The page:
FIVE-O-Fashions

You can identify the principal Hawaii Five-0 actors from key wardrobe items: vintage aloha shirts, bikinis, cargo pants, neckties. Countless hours, manpower, money and clothes – racks upon racks … in fact, trailer loads of ’em – go into creating the characters’ iconic looks that have stores struggling to restock their inventory of Superdry cargo pants (McGarrett’s staple) and a certain blue-and-yellow Hurley bikini (made famous by Kono in the show’s opening montage).

MidWeek recently caught up with Hawaii Five-0‘s wardrobe director Kathryn Morrison Pahoa to get the inside scoop on just what it takes to manage the wardrobe and style of one of the nation’s highest-rated TV shows.

Back to that bikini. “We have received a lot of bikinis,” says Pahoa.

We’re talking hundreds from all over the world, including from the land of bikinis, Brazil.

“I have received so much interest – everybody (designers) wants to participate and be a part of this show, and that usually does-n’t happen on a first-season show.”

But you’re not going to see Kono in a G-string anytime soon because of CBS’s dress code, which says no to labels and logos as well.

“I try to get as much local stuff as I can,” says Pahoa, who was also the costume designer on the film Princess Kaiulani. “It’s boring to just have plain T-shirts. Artwork is a lot easier to clear (network standards) if the name isn’t written on it and there’s no copyright. I really embrace local artists.”

Pahoa first approaches fashion choices on a show by reading the script and meeting with the director and creators to get a collaborative feel for the look of the pilot episode.

Then she gets out her stacks of magazines and catalogs, pencils and scissors, and creates the poster boards that adorn her office. The collages of sketches, tear sheets and photos offer the show’s executives her vision of the lead characters’ styles.

“For McGarrett, I made a lot more boards because we’re trying to figure out who this character is,” says Pahoa, who had already worked with Alex O’Loughlin on a previous set, and with Daniel Dae Kim on the pilot episode of LOST. “Chin Ho was pretty specific because he’s the local. We have a lot of fun finding the perfect aloha shirts for him that have a vintage feel to them for someone who has been here a long time. Then we have Danno, with his ties and his East Coast holding on and not embracing the Islands yet.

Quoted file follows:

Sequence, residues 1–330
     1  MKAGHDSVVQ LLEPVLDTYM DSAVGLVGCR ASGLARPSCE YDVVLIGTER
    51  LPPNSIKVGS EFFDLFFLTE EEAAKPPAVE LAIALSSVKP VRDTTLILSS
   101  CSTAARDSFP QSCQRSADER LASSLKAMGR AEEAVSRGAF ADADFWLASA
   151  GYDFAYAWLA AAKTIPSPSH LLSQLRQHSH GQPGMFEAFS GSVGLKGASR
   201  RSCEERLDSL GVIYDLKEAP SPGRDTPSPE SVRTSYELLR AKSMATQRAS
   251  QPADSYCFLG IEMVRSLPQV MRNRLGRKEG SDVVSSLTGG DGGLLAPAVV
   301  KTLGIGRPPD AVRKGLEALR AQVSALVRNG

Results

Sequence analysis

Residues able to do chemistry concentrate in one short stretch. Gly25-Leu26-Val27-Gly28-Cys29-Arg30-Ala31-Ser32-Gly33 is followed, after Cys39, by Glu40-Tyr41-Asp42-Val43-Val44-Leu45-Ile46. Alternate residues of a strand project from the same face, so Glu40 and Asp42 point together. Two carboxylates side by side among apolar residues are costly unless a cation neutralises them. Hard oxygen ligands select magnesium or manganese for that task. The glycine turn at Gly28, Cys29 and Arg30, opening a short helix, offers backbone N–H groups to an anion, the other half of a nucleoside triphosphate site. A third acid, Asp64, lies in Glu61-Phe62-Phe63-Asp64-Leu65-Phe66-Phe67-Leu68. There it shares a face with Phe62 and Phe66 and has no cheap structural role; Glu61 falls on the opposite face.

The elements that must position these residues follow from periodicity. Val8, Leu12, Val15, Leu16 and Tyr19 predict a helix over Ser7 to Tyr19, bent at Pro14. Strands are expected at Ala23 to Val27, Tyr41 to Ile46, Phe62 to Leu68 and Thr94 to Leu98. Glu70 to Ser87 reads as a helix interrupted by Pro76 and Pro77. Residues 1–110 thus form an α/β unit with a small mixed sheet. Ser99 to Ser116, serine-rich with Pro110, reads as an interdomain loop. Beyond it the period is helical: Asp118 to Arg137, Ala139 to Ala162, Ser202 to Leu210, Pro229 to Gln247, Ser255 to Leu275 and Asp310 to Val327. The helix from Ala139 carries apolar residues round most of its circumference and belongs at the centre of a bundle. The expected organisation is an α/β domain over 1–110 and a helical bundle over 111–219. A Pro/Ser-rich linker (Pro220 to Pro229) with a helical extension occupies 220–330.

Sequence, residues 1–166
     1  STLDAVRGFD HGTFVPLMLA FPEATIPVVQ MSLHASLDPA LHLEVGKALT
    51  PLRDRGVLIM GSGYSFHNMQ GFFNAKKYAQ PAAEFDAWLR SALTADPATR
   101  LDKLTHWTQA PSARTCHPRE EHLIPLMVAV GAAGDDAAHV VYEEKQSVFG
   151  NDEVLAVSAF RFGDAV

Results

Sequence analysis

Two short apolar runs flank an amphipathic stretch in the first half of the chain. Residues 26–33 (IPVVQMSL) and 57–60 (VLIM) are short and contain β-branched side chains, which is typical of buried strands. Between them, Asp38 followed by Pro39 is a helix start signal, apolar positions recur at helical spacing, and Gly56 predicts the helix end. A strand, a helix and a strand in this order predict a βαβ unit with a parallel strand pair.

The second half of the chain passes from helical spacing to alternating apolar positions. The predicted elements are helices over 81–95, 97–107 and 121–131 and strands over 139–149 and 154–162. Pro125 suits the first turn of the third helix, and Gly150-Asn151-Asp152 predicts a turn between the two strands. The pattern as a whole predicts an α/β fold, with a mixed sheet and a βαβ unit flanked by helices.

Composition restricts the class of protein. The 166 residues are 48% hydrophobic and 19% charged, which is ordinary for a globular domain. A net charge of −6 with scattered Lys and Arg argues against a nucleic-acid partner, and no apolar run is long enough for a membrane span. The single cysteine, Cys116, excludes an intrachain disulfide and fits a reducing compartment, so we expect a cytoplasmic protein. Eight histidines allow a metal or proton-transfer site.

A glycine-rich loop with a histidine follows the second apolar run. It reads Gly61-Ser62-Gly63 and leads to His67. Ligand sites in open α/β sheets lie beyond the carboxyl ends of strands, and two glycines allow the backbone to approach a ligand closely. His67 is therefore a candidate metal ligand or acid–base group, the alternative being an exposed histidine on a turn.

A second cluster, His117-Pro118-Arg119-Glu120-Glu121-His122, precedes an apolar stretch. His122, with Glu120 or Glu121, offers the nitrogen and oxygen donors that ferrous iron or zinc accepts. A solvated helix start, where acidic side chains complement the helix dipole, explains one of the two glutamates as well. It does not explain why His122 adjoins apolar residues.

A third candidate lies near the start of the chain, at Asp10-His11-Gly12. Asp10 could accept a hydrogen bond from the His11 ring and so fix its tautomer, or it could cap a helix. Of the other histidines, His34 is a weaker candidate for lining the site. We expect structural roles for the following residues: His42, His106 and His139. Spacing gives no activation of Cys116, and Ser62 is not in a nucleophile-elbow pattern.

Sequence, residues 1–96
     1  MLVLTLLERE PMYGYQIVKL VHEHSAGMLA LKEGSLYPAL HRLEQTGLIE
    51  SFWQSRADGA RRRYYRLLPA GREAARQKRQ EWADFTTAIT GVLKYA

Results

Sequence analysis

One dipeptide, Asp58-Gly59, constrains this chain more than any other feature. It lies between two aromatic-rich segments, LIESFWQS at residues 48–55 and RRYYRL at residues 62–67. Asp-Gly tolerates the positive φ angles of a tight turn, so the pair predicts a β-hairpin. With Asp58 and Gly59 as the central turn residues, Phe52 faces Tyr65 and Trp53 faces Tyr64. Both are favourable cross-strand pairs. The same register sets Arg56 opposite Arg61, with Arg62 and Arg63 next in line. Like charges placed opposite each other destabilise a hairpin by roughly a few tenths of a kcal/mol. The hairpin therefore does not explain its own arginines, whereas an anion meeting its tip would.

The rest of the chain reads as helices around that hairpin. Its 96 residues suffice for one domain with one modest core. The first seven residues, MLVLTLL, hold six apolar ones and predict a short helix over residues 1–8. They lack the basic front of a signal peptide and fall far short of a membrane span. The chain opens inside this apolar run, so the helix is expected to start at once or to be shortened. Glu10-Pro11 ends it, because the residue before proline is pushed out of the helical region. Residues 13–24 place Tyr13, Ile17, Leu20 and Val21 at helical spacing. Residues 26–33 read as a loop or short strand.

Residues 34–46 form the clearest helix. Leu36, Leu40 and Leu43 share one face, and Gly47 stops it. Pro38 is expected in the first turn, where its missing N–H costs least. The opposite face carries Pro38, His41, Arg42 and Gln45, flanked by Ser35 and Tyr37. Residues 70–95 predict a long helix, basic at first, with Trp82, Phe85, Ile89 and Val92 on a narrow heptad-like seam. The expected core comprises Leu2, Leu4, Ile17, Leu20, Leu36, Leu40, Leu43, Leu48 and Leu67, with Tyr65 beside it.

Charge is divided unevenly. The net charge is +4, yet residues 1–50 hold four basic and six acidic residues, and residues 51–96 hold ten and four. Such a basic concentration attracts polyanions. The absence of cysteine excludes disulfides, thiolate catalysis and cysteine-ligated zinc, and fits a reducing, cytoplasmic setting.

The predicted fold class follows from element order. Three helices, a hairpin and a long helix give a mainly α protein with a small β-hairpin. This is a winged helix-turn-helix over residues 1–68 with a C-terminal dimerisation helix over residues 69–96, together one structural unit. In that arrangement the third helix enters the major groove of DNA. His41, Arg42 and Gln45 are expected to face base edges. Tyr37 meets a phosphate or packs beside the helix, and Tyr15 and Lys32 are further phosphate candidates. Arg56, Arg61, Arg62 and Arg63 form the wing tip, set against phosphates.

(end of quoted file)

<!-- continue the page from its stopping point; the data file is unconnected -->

Pahoa with Danno's ties, the famous four in their iconic wardrobe (photo courtesy of Mario Perez/CBS Broadcasting Inc.) and in the Dec. 13 Christmas episode with Taylor Wily as Kamekona and Teilor Grubbs as Grace Williams (photo courtesy of Neil Jacobs/CBS Broadcasting Inc.)

“Kono may be the most fun,” she says. “I love when she goes undercover because I know I’m going to get to do something really fun. What comes to mind is episode two, when she’s in the red kimono. I had to find the perfect fabric and the right color, and design a little kimono for that.”

Pahoa makes it clear that when she says “I,” she means “we.” There’s paperwork to be done, the tagging of each clothing item for character (including the supporting cast) and episode, and the fluctuating between office and set with endless bundled racks of clothing for the day’s shoot. Her team includes a wardrobe supervisor, an assistant, seamstresses and shoppers.

“With a contemporary show like this, the majority of it is shopped,” notes Pahoa, adding that the wardrobe doesn’t reflect the original show at all. “If it did, it would be a completely different show; it would be very campy. This is the 2010 version of Hawaii Five-0.”

As for the task of shopping, Pahoa says it’s no breezy day at the mall. “Shopping is still creating,” says the former model who started sewing when she was 10, and sewed her own clothes through high school. “It’s understanding the psychology of the character you are creating, whether it’s our principals or the bad guy or any character. You think about every aspect of the character’s life to put together the choices they would make in the clothes that they buy and wear.